How often do we grapple for words and come up empty? How is it we resort to “There are no words” when we’re most in need of saying them? Why do we leave so much unsaid, or wait too long in attempting to say it?
As we bid goodbye to 2012, it seems appropriate that author Bruce Feiler takes up the issue of our final farewells in his article on the New York Times, “Exit Lines.”
Tackling the dilemma of a proper goodbye from the perspective of the terminally ill, Mr. Feiler draws on examples from his own life. He also references the late Nora Ephron, and reviewing duo Siskel and Ebert.
In essence, he challenges us to consider the power and manner of our most significant departures.
Might he also be highlighting the value of clearly communicating while still engaged in the prime of life?
Saying “I Love You” – When it Counts
The pressure to say something meaningful and profound is part of conundrum for those who know they are terminally ill. Perhaps that’s true to a lesser degree in any number of circumstances: the parent sending the child off to college, or the long-term lover ending an affair.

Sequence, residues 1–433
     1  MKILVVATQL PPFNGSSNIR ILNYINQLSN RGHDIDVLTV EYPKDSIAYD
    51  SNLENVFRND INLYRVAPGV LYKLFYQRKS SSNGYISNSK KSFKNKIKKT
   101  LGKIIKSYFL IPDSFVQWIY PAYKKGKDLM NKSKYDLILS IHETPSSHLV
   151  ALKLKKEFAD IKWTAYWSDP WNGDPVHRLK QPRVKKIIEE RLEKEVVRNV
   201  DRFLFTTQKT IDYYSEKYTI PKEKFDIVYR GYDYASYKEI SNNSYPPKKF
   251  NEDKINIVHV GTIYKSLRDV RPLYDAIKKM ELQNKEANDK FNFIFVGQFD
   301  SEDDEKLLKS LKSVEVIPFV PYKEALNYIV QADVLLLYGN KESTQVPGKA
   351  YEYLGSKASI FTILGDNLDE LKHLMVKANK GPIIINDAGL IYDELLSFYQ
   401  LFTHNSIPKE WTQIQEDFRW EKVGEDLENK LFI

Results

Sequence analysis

And if the words are more straightforward than we realize?
Last words have an almost mystical significance in both Eastern and Western cultures, in part because they hold out the possibility of revealing a deep insight or lifting a veil on the meaning of life.
Shelly Kagan, a philosopher at Yale and the author of “Death,” said the odds are so “vanishingly small” that you’ll know when you’re in a final conversation, you should avoid any possibility of regret by initiating interactions earlier.
Mr. Feiler advocates for simple messages delivered with sincerity and timeliness – “Thank you,” “I love you,” and “Forgive me.” Aren’t these the words we most crave hearing? Aren’t these sometimes the most grueling to pronounce? Why do we tolerate this cultural reluctance to speak our minds, discomfort with plain talk, an unwillingness to admit fault – long before we’re at an “end?”
The Complexity of Goodbye